Thomas Vinterberg : "Mads Mikkelsen est un acteur extraordinaire " l Vidéo Club l KonbiniJun 05, 2022
Before making movies, I was 15 years old. I started when I was 16. I knew nothing at all, I just wanted to be a rock guitarist and well let's start here with some of the best stalkers. The tram ride is probably one of the best things I've ever seen it's so present and the sound of it and the sights of it is so magical and it has a lot to do with what we don't see and it's so close to these characters and it's still a huge landscape and it's a way of making sound that hardly anyone does anymore and its transition from black and white to color is very simple but it works for me so we start with the best yeah well with some one of the best in this movie, fanny and alexandre is probably my main inspiration of all the movies the first half which is the celebration part that a lot is a lot around a table and going to the rooms christmas in stockholm was my main inspiration or a one of my main inspirations for my first film here in france festi i actually stole a scene from here is a scene where they run around the house in celebration and when i had a conversation with the berkman who claimed that the fest on was a masterpiece he was so proud of it i said sorry i stole your scene and he said oh that! never mind i stole it from the visconti leopard i don't care so it was cool the way this family looks like a family that has always been around the way they send me back to their past all the time the way they that this looks like something from Christmas eve that would have turned up even if the camera wasn't there.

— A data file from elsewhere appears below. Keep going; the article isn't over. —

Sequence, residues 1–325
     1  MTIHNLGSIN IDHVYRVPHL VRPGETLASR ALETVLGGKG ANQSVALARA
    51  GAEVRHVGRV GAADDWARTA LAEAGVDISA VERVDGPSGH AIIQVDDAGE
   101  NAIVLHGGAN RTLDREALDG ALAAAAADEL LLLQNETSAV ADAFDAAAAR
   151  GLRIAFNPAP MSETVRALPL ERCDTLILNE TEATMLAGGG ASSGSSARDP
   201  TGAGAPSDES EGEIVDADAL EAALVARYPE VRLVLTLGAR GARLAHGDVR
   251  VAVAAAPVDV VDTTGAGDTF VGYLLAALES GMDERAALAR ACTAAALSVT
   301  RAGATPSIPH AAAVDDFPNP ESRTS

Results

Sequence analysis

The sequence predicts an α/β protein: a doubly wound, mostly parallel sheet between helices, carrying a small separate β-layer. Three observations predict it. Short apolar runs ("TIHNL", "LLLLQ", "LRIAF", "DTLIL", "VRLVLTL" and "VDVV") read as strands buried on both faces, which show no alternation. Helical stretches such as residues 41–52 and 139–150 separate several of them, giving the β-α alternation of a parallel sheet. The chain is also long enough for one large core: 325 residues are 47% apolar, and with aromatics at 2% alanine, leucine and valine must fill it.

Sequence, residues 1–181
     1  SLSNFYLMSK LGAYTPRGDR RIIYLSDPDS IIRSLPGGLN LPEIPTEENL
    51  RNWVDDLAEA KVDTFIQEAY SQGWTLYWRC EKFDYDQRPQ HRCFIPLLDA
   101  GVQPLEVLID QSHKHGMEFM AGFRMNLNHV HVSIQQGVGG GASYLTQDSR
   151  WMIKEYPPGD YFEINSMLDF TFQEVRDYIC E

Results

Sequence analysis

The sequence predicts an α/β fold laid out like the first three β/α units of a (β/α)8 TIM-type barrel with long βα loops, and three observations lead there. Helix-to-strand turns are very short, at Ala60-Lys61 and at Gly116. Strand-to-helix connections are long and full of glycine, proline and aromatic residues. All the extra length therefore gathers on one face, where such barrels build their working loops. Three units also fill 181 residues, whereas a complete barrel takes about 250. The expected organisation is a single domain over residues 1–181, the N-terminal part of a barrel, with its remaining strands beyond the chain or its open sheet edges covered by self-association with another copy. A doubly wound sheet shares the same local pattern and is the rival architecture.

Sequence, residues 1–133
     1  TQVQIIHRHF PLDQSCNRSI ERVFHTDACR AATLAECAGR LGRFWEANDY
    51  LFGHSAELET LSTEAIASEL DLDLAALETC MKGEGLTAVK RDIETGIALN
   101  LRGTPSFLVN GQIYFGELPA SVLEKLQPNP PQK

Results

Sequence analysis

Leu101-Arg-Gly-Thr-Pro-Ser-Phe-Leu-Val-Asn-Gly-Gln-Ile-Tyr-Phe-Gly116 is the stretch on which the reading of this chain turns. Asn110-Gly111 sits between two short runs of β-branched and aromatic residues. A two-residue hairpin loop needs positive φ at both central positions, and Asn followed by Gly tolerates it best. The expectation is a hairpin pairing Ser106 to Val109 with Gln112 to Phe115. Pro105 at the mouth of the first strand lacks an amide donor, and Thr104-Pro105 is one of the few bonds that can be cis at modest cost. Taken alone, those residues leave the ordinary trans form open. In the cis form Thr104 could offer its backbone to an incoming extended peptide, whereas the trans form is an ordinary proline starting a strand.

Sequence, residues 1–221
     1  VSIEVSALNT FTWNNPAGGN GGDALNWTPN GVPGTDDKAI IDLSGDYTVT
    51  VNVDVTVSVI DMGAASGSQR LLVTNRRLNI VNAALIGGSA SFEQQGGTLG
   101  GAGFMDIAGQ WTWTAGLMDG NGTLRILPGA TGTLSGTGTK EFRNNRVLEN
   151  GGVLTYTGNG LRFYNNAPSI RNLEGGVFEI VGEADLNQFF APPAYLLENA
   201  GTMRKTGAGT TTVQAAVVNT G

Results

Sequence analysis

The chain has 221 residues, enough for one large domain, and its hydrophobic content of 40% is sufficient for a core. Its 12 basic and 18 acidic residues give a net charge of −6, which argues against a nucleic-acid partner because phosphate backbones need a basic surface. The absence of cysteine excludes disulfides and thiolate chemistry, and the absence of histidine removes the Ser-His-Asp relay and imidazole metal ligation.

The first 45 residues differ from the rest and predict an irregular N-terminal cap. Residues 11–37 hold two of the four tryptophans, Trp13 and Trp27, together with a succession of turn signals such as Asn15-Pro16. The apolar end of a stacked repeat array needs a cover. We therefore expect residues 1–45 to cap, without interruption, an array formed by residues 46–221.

I'm either fascinated by the second half or the rest is a bit more somber, but this celebratory part at the beginning keeps coming back to me anyway. this was a little anecdote let's talk about these movies so when i was going to film school uh i would see them i was making these movies one of the great inspirations as a filmmaker is to see when your idols see the bad movies they have made and i at that time film school i saw the work that Fonterra did when he started film school which like all of us was less good and then he had a takofs tchaikovsky then he watched all these movies and then his masterpiece Nocturne which was a half film period from which the crime element arose what is your name you can call me harry my name is kim obviously lars has been attacked by i don't know if he would agree that this is my conclusion and he would probably be very upset if he heard me to say that all this epidemic that you know was the first of lars finger to the world was made without money and it showed me a side of the last that I love very much which is humor probably these are my these and the kingdom that is l he tv series are my favorite works from last foundria maybe because i saw them before i understood their recipe, i lost my innocence with the ventria, so i am less patient with their later works. like Well, there were movies that I chose because they are new movies and we are very inspiring.
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thomas vinterberg mads mikkelsen est un acteur extraordinaire l vid o club l konbini...